Sajeev EM Wins Poster Competition


On April 12th, 2013, Sajeev E.M. won the Graduate student poster competition during the Annual Snyder Lecture celebration.   The Abstract of his poster follows:



Do Cellulosic Biofuels meet the RFS mandate and at what cost?


Sajeev E.M., Tianyun Ji, Benjamin M. Gramig and Wallace E. Tyner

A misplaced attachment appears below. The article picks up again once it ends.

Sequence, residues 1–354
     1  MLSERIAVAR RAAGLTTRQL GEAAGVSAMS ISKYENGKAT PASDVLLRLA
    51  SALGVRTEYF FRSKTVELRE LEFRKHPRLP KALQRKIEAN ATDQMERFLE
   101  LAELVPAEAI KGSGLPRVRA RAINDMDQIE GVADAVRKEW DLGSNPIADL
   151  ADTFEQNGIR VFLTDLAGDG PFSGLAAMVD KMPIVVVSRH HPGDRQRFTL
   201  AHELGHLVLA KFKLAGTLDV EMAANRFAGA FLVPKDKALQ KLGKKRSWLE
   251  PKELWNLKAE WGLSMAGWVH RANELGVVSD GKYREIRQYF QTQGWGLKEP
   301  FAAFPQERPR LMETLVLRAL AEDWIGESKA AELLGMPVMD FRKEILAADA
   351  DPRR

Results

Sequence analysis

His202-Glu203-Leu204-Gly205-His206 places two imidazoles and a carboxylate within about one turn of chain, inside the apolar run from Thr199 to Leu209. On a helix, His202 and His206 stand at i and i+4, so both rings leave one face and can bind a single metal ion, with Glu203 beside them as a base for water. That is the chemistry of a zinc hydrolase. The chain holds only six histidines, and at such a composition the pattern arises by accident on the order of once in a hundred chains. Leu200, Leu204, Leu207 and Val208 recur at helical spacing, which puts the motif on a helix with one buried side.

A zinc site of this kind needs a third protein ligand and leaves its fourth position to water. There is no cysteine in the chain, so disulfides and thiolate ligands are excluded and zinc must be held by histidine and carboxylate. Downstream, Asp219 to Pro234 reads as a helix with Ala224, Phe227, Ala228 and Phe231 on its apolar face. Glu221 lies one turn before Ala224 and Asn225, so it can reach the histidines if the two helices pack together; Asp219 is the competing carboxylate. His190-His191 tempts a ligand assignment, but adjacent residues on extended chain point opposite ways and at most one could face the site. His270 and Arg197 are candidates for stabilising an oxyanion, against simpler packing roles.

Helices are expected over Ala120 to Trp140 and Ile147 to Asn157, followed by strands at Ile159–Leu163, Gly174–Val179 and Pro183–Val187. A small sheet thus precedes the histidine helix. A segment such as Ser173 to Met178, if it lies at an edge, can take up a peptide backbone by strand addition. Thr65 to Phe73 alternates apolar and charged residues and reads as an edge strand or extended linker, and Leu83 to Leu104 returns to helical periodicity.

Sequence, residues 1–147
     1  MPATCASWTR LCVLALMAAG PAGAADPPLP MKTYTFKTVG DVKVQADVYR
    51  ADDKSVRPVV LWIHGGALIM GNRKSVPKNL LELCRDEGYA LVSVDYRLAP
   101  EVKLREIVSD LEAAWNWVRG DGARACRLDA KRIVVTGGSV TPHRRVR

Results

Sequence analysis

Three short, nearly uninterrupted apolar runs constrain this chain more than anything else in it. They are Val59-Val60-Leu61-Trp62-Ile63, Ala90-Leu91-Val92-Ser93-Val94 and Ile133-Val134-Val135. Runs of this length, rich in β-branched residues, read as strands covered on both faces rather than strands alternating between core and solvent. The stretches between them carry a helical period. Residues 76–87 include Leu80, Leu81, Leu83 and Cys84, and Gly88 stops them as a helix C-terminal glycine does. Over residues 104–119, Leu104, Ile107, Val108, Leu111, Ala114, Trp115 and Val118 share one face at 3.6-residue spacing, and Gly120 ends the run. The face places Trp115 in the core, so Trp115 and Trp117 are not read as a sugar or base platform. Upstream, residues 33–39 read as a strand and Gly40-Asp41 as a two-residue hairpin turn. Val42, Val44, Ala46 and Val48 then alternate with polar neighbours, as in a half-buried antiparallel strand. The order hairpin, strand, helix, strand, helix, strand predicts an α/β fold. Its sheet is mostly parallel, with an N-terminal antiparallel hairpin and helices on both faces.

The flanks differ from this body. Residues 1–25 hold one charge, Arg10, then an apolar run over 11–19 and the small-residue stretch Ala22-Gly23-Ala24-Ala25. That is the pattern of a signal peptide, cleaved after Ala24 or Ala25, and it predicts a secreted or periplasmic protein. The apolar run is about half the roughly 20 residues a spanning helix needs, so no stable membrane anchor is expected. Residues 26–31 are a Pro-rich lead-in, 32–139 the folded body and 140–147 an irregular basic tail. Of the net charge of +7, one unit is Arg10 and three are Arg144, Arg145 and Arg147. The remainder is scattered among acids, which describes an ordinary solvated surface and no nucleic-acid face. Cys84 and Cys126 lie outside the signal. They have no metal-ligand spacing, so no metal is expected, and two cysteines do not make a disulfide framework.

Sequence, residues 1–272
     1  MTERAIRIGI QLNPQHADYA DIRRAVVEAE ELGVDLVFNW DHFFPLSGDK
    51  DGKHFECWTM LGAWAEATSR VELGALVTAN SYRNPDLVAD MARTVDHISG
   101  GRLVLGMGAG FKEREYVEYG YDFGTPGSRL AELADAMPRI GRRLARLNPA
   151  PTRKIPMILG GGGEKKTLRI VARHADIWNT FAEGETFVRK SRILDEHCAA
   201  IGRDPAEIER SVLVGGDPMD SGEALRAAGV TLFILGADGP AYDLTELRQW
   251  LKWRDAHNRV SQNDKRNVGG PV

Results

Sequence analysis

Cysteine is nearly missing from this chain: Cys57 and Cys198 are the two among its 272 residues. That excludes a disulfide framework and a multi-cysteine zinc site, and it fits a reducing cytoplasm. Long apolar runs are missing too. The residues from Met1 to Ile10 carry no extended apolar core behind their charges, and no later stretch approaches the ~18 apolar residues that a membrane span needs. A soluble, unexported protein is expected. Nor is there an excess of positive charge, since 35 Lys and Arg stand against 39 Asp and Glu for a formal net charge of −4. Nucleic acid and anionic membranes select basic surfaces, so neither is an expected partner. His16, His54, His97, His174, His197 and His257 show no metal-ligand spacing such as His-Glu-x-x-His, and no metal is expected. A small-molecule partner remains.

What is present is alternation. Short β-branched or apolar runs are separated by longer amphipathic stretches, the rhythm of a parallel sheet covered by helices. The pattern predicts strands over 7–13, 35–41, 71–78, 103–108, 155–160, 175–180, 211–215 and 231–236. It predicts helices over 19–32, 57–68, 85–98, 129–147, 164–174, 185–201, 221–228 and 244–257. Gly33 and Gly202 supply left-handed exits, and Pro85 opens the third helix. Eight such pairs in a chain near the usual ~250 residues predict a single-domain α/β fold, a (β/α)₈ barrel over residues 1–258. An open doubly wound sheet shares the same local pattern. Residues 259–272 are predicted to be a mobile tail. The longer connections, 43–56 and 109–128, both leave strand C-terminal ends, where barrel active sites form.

Concerns over climate change and energy security have led to a push towards biofuels. Out of the many possibilities, cellulosic biofuels have resource conservation advantages over petroleum based fuels and grain derived ethanol. Currently the Renewable Fuel Standard (RFS) mandates blending of 16 billion gallons of ethanol equivalent cellulosic biofuels by 2022. These biofuels must achieve a 60% reduction in greenhouse gas (GHG) emissions compared to gasoline. Despite a clear policy mandate, the economic feasibility and environmental performance of biofuels remain uncertain. The objective of this research is to ascertain the relative greenhouse gas emissions and production budgets of alternative liquid biofuels from the cellulosic feedstocks corn stover, miscanthus and switchgrass. An attributional life cycle analysis approach is used to quantify the GHG emissions and costs on a field-to-wheels basis. Corn stover collection from prime farmland and growing the perennial grasses switchgrass and Miscanthus on pasture land in Indiana were evaluated. The results show that although corn stover has the lowest cost per gallon of gasoline equivalent fuel produced, the GHG emissions do not meet the mandate for the cropping systems considered. Switchgrass and Miscanthus achieve the mandate before accounting for any Indirect Land Use Change emissions (ILUC), but have a higher cost of production than biofuels from stover.  Results also indicate that the thermochemical pathway (Fischer-Tropsch liquids) requires a larger minimum size biorefinery, but has a lower cost of production per gallon of energy equivalent biofuel than the biochemical pathway. Different management practices and the inclusion of ILUC emissions may lead to different findings. The results highlight that how cellulosic crops are grown affects both cost and environmental performance.  Integrated economic and environmental analysis is necessary to inform decisions about the structure of renewable fuel policies.